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[419] with the richest and most beautiful profusion of flowers,—where she lives with her father, a fresh, stout old man who is in his seventy-fifth year. She herself seemed about fifty, short and fat, with very gray hair, perfectly visible under her cap, and nicely arranged in front. She has the simplest and kindest manners, and entertained us for two hours with the most animated conversation and a great variety of anecdote, without any of the pretensions of an author by profession, and without any of the stiffness that generally belongs to single ladies of her age and reputation. We liked her very much, and the time seemed to have been short, when at ten o'clock we drove back to Reading.1

From Reading the route led through Gloucester to the Wye, through Wales to Holyhead, and so across to Dublin, where the party arrived on the 9th of August, in time for the meeting of the British Association for the Advancement of Science.

August 10.—There is a great bustle in Dublin to-day with the opening of the fifth meeting of the British Association for the Advancement of Science, to attend which, I am told, a thousand persons are already present. Everything, however, seems to be well prepared, and made especially comfortable and agreeable to those strangers who come from a distance. The place where all arrangements are made is the large, fine examination-hall in Trinity College, where tickets are obtained, and a common lounge and exchange is held in the morning from nine to eleven. At eleven the sections are opened. . . . . To-day, for instance, Sir John Ross expounded a theory of the Aurora Borealis, in the physical section, and Sir John Franklin with others entered into the discussion about it. Professor Griffiths explained the geology of Ireland in the geological section, and Professor Sedgwick of Cambridge, Mr. Murchison, and other distinguished men in the same department continued the discussion, and so on .. . . . As a stranger from a great distance, I had free tickets for the whole week presented to me. In the evening, at eight o'clock, the whole body, with the ladies of the stranger membersthere is not room for more-meet in the rotunda, a superb room, every other evening, hold a conversazione and discussions, and on the other evening have papers read and reports from the heads of the sections as to what their respective sections have done. . . . .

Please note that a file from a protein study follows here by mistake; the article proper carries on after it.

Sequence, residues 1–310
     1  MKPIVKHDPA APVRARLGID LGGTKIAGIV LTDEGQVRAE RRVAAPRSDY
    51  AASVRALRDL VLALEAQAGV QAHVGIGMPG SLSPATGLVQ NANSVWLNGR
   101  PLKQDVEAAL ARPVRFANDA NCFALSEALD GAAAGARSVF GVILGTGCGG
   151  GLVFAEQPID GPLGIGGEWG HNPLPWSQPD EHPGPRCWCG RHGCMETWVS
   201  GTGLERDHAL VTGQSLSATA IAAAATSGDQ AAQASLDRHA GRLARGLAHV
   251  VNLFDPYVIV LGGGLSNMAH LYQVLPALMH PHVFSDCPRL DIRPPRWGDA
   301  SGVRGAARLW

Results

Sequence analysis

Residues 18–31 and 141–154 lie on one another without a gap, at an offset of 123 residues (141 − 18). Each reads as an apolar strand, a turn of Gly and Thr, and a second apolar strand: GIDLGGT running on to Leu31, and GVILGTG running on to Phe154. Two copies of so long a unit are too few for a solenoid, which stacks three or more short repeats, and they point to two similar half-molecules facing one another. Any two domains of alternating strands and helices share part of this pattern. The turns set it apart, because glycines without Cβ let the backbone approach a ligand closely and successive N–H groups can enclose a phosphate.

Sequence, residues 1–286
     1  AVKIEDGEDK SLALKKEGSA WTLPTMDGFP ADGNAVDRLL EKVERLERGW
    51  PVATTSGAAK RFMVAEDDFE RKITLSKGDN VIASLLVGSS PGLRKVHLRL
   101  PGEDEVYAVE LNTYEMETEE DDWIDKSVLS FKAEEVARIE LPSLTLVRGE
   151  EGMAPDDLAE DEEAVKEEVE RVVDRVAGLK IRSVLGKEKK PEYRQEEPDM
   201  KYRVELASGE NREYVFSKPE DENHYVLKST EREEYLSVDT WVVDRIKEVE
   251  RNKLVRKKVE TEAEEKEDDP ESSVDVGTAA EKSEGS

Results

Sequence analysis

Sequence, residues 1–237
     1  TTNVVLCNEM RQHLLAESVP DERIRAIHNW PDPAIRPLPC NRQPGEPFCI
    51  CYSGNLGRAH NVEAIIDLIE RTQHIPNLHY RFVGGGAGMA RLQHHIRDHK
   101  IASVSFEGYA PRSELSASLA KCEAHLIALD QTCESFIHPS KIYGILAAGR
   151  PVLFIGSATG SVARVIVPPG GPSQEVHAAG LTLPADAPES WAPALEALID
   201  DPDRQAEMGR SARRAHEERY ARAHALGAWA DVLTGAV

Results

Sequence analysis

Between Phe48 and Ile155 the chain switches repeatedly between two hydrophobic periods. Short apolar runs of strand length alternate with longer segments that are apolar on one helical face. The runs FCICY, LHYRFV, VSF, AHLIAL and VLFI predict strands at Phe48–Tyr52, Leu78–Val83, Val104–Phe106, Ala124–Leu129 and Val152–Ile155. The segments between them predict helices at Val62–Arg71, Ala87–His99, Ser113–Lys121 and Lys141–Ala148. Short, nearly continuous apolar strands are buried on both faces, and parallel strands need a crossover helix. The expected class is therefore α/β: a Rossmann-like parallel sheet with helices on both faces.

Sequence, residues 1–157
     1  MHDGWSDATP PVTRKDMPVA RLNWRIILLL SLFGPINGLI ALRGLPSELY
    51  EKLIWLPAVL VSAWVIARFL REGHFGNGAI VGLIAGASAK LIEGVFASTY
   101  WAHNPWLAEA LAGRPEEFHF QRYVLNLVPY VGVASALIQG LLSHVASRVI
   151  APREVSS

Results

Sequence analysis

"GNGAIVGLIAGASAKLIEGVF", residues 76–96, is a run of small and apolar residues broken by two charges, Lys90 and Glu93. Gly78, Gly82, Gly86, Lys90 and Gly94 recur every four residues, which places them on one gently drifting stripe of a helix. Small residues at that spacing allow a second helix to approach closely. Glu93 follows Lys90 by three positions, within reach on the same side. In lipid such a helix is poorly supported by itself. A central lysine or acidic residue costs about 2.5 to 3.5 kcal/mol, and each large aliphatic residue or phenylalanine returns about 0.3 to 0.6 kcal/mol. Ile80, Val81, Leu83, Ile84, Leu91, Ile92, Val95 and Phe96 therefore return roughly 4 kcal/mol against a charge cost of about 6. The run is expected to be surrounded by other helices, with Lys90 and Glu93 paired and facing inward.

This evening Sir Thomas Brisbane, the President of the Association last year,—a soldier who has circumnavigated the world four

1 Miss Mitford mentions this visit in a letter given in her Memoirs.

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